dition n er sio CCSS e v CC S S

Carnegie Learning® algebra ii promotes the understanding of both linear and non-linear functional forms, as well as the relationships between text, equations, graphs, and tables through the mathematical modeling of realistic situations. Our program motivates students to talk about mathematical functions, tackle real-world problems, strengthen their conceptual foundations, and understand algebra’s relevance in everyday life.

Textbook Chapter Cognitive Tutor® Software Unit

1. Linear Models and Four Quadrant Graphs 2. Linear Models in General Form 3. Graphs of Linear Equations in Two Variables 4. Absolute Value Equation and Inequalities 5. Relations and Functions 6. Linear Function Operations and Composition 7. Graphs of Functions 8. Inverses of Functions 9. Systems of Linear Equations Modeling, Part 2 10. Systems of Linear Equations 11. Graphs of Linear Inequalities in Two Variables 12. Systems of Linear Inequalities 13. 14. 15. 16. 3. Quadratic Functions

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Traditional Pathway: Algebra II

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Skills Covered

• • • • • • • • • • Solve linear equations in one variable. Solve linear inequalities in one variable and graph the solution on a number line. Represent linear functions using equations, tables, and graphs. Write an equation of a line in slope-intercept form, general form, and point-slope form. Transform a linear function. Solve absolute value equations and inequalities in one variable. Graph absolute value functions in two variables. Use function notation. Find the inverse of a linear function. Represent a piecewise function using equations, tables, and graphs.

1. Linear Functions, Equations and Functions

2. Systems of Linear Equations and Inequalities

• Determine the number of solutions of a linear system. • Solve linear systems graphically, using the substitution method, using the elimination method, and using Cramer’s Rule. • Determine consistency and dependence of linear systems. • Write and graph an inequality in two variables. • Write and graph a system of linear inequalities. • Solve a system of three linear equations in three unknowns. • Represent quadratic functions using equations, tables, and graphs. • Determine the key characteristics of the graph of a quadratic function including: domain, range, intercepts, vertex, line of symmetry, maximum or minimum, and concavity. • Solve quadratic equations using factoring method and the Quadratic Formula. • Transform a quadratic function. • Write an equation of a quadratic function in general form, vertex form, and factored form. • Multiply and factor polynomials. • Complete the square. • Use the discriminant to determine the number and type of roots. • Classify numbers as counting numbers, whole numbers, integers, rational numbers and irrational numbers. • Convert a repeating decimal to a fraction. • Identify and use properties of real numbers. • Convert between radical form and exponential form. • Simplify radicals using imaginary numbers. • Solve quadratic equations with complex solutions. • Add, subtract, multiply, and divide complex numbers. • Represent polynomial functions using equations, tables, and graphs. • Determine the key characteristics of the graph of a polynomial function including: domain, range, intercepts, extrema, intervals of increase and decrease, and end behavior. • Solve polynomial equations and inequalities graphically and by factoring. • Use the Fundamental Theorem of Algebra. • Add, subtract, and multiply polynomials. • Divide polynomials using long division and synthetic division. • Use the Remainder and Factor Theorems.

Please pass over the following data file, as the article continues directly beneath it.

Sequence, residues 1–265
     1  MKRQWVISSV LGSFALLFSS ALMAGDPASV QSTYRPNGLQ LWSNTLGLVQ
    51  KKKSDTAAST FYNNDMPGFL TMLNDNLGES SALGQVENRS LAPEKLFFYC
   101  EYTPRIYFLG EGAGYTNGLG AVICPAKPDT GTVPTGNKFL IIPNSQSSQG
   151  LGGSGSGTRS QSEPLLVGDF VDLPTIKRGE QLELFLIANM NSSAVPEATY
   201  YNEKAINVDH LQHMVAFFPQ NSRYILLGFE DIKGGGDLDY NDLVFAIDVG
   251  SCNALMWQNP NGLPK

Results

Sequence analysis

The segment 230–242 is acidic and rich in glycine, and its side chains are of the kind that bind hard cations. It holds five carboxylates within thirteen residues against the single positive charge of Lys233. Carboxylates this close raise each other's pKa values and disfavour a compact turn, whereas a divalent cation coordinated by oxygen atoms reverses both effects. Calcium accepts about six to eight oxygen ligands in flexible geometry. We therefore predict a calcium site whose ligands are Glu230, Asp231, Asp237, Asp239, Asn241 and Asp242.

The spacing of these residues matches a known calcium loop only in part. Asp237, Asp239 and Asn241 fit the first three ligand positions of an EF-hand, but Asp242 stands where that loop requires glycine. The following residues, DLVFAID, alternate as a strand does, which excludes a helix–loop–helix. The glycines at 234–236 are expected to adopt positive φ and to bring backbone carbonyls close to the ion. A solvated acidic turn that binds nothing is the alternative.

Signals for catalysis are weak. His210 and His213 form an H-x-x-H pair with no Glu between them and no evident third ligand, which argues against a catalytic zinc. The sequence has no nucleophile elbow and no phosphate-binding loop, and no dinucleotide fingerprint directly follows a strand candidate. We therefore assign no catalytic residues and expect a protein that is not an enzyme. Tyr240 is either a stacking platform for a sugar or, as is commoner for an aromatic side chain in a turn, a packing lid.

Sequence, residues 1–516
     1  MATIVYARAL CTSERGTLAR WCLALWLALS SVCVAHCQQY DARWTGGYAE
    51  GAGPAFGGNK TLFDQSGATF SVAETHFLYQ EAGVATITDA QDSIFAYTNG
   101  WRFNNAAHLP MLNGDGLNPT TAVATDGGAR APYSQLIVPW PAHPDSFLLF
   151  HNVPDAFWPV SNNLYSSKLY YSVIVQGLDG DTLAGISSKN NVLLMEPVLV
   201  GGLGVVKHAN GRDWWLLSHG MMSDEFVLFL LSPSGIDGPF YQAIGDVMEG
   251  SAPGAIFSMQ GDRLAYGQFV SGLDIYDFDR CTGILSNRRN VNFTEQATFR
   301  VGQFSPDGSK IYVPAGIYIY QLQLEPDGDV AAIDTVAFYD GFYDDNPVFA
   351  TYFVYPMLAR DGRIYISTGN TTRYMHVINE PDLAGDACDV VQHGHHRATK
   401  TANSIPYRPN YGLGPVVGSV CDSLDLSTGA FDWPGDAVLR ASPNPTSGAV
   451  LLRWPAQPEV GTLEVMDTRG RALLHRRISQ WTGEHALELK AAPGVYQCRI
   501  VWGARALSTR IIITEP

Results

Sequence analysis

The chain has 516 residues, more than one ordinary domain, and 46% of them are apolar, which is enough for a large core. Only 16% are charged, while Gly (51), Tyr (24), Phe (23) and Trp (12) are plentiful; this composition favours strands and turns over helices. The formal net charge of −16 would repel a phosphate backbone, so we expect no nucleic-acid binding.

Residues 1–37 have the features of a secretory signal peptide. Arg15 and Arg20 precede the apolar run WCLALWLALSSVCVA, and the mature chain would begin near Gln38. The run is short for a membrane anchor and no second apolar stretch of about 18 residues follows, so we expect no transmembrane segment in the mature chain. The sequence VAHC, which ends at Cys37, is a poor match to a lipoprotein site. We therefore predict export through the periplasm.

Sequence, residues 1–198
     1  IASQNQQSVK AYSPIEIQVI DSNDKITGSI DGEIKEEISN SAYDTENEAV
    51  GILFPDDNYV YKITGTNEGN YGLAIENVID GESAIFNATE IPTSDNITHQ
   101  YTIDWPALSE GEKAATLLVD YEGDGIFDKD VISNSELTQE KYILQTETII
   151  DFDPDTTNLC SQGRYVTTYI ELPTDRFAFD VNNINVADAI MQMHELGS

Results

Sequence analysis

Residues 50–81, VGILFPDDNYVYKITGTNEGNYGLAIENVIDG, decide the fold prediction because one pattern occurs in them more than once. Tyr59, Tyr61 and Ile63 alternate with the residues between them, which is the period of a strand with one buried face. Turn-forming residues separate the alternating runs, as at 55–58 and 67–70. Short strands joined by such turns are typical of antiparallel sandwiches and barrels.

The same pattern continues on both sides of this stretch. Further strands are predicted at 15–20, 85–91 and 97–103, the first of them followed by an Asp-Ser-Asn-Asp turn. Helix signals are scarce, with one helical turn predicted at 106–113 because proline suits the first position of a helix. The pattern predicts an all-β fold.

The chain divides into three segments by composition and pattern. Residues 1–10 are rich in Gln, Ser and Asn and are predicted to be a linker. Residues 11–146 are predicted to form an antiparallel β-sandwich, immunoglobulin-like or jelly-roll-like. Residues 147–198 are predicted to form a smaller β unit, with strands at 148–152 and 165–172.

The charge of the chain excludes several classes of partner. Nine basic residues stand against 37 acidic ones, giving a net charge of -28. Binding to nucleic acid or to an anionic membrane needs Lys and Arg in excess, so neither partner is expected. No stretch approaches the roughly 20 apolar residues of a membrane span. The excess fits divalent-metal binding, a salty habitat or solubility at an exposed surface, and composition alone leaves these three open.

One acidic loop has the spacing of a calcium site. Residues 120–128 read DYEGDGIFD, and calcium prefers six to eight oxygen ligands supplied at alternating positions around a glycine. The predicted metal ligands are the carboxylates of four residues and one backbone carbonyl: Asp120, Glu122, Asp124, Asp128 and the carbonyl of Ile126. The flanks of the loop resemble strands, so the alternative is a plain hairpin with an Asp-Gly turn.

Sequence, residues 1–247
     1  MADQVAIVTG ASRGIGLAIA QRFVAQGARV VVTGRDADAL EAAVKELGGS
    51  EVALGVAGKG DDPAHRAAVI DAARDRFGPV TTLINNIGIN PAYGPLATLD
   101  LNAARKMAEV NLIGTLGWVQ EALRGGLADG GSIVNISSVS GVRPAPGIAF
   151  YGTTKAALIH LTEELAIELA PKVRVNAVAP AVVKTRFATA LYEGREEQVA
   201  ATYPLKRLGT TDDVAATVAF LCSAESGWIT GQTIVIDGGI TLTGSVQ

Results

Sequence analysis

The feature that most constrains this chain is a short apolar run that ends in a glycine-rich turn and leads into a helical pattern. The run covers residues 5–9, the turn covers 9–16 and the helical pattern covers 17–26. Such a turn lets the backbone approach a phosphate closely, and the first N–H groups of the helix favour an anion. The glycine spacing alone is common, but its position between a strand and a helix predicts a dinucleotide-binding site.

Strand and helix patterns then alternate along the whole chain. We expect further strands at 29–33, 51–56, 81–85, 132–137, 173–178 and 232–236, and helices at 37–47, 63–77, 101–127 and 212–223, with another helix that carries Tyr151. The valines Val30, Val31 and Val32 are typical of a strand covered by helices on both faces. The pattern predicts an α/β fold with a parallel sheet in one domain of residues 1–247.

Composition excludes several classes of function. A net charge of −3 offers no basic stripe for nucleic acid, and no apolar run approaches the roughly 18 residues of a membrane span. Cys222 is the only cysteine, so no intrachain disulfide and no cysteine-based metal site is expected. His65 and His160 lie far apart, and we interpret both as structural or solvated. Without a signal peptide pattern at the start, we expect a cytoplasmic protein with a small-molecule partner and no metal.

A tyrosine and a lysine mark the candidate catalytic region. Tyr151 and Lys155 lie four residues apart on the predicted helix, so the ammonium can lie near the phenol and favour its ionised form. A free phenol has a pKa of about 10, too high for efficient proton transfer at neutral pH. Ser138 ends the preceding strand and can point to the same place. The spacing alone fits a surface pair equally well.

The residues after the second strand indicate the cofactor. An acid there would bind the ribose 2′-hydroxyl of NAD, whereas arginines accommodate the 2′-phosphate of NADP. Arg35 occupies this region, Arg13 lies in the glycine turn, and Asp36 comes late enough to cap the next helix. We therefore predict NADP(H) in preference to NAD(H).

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Quadratic Models in Factored Form Linear and Quadratic Transformations Quadratic Expression Factoring Quadratic Equation Solving using Factoring Forms of Quadratics Graphs and Equations of Quadratic Functions Quadratic Equation Solving Quadratic Models in General Form

4. The Real Number System…